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Scientists: Planet fits criteria to support life

posted 9/30/2010 6:45:25 PM |
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tagged: news, space, straddle, science

I first read about this last night off Yahoo and thought that this was pretty interesting to share on here.

An artist's rendering of a planet orbiting in the "Goldilocks" zone - not too far and not too close to its star. Gliese 581g and planets like it could hold life, some scientists say.It might be a place that only a lichen or pond scum could love, but astronomers said yesterday that they had found a very distant planet capable of harboring water on its surface, thus potentially making it a home for plant or animal life.

Nobody from Earth will be visiting anytime soon: The planet, which goes by the bumpy name of Gliese 581g, is orbiting a star about 20 light years away in the constellation Libra.

But if the finding is confirmed by other astronomers, the planet, which has about three or four times more mass than Earth, would be the most Earthlike planet yet discovered and the first to meet the criteria for being potentially habitable.

"It's been a long haul," said Dr. Steven S. Vogt of the University of California, Santa Cruz, who, along with R. Paul Butler of the Carnegie Institution of Washington, led the team that made the discovery. "This is the first exoplanet that has the right conditions for water to exist on its surface."

In a recent report for the National Academy of Science, astronomers declared the finding of such planets one of the major goals of this decade. NASA's Kepler satellite, which was launched in March 2009 as a way to detect Earthlike bodies, is expected to harvest dozens or hundreds.

Gliese 581g circles a star known as Gliese 581 once every 37 days, at a distance of about 14 million miles. That is smack in the middle of the so-called "Goldilocks" zone, where the heat from the star is neither too cold nor too hot for water to exist in liquid form on its surface.

But scientists expressed caution about this particular planet, noting uncertainties about its density, composition and atmosphere, and the need for another generation of giant telescopes and spacecraft in order to find out anything more about it.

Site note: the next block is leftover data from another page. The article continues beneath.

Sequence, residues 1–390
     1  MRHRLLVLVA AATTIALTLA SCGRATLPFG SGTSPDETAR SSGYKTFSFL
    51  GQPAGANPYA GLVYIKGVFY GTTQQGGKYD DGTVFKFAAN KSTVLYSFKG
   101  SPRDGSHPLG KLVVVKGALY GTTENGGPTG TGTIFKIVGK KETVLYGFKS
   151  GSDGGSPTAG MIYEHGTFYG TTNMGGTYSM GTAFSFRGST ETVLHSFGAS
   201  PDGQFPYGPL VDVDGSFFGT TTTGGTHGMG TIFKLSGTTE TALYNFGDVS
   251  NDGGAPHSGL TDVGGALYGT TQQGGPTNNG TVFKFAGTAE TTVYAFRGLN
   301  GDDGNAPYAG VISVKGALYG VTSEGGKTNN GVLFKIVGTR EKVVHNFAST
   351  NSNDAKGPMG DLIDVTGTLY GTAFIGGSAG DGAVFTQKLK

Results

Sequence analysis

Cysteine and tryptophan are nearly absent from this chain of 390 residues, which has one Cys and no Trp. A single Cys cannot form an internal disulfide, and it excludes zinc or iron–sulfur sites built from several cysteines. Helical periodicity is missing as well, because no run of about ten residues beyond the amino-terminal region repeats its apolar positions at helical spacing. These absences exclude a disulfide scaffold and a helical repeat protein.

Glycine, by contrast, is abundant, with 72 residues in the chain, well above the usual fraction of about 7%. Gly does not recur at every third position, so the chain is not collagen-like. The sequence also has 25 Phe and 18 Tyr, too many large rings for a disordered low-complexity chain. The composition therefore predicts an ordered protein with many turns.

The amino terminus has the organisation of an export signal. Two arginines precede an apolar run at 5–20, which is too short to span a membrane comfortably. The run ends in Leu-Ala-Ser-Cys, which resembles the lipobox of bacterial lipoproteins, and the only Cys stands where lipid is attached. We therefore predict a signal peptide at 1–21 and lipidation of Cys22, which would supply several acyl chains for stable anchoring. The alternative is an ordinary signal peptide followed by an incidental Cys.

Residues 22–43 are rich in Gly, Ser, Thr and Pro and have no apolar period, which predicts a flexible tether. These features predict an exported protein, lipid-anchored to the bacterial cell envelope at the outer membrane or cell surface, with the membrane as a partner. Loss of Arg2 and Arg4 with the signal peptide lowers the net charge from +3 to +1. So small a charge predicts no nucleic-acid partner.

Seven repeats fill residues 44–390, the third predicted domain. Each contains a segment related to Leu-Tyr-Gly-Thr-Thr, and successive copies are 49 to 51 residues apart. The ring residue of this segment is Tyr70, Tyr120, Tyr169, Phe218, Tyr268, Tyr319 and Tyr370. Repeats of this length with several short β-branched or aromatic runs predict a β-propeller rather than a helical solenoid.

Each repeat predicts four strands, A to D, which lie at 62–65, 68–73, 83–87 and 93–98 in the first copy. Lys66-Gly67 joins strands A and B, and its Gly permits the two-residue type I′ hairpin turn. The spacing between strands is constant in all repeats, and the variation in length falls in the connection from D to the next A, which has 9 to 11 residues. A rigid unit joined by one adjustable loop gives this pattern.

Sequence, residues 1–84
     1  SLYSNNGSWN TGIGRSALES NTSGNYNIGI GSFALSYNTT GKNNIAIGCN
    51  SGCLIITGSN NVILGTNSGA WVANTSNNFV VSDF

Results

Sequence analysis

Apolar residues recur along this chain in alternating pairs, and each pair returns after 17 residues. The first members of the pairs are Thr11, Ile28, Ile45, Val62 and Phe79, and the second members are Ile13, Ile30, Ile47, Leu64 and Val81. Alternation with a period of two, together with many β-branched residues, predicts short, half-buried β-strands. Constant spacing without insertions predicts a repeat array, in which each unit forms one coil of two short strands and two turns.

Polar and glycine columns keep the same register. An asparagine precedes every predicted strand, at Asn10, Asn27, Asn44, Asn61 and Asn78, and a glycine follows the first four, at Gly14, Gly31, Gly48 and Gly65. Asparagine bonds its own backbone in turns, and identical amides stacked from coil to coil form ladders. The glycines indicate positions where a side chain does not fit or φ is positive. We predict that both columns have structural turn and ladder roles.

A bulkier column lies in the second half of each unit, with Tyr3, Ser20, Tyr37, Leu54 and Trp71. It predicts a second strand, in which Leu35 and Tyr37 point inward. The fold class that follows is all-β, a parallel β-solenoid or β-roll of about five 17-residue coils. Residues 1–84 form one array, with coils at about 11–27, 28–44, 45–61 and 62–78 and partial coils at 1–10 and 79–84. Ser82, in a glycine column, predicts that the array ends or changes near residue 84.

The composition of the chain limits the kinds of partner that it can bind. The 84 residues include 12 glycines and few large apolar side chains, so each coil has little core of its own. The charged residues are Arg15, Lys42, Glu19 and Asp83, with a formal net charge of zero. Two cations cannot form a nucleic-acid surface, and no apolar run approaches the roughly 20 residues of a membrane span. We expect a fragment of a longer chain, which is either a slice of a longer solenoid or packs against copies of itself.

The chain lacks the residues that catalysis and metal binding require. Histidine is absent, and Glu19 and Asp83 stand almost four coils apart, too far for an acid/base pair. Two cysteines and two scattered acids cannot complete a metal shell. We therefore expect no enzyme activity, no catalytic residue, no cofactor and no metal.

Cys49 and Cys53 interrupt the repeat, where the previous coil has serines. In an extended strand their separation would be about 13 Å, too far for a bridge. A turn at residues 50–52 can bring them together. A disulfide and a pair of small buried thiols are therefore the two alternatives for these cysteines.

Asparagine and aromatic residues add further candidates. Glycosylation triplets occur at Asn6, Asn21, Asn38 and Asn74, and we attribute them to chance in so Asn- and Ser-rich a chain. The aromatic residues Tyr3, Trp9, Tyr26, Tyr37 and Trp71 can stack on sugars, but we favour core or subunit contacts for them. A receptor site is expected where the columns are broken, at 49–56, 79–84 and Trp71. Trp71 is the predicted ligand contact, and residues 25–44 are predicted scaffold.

The discovery was announced yesterday in Washington, and the findings have been posted on the National Science Foundation's website and will be published in The Astrophysical Journal.

Pressed during the news conference about the possibility of life on Gliese 581g, Vogt protested that he was an astronomer, not a biologist. Then he relented, saying that, speaking strictly personally, he thought that "the chances of life on this planet are almost 100 percent."

But nobody really knows what is going on on Gliese 581g, said Sara Seager, a planetary astronomer at the Massachusetts Institute of Technology.

"If it was all carbon dioxide, like Venus, it would be pretty hot," she said, adding that she would give the planet a 90 percent chance of holding water.

Pic of the planet

The Columbus Dispatch

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Sep 30 @ 7:00PM  

Sounds good. But at our rate of speed, I'd be dead before we ever got there.

Sep 30 @ 7:07PM  
That's interesting. Thanks for sharing.

Sep 30 @ 7:11PM  
I know Som would be interested in this. I know he loves science. Hell, he probably already knows already about this.

Sep 30 @ 7:26PM  
Oh yeah... I knew about it earlier today- even bookmarked the web page to possibly post it BUT... after my last couple of science related blogs, I figured everyone was 'ODed' on science for a while!

But thanks for posting it Straddle- we are not alone!!


Sep 30 @ 9:16PM  
I'm sure we are not alone, it may be a good thing these planets are far away. Who knows what alien life forms may be there and destroy life on earth.

Sep 30 @ 10:11PM  
Who knows what alien life forms may be there and destroy life on earth.

I have a feeling that they're the ones who would have to worry about US, more so than US having to worry about them- IMO!


Sep 30 @ 10:52PM  
Very interesting straddle, you get a + in science

Sep 30 @ 11:19PM  
who cares about they make beer on that planet

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Scientists: Planet fits criteria to support life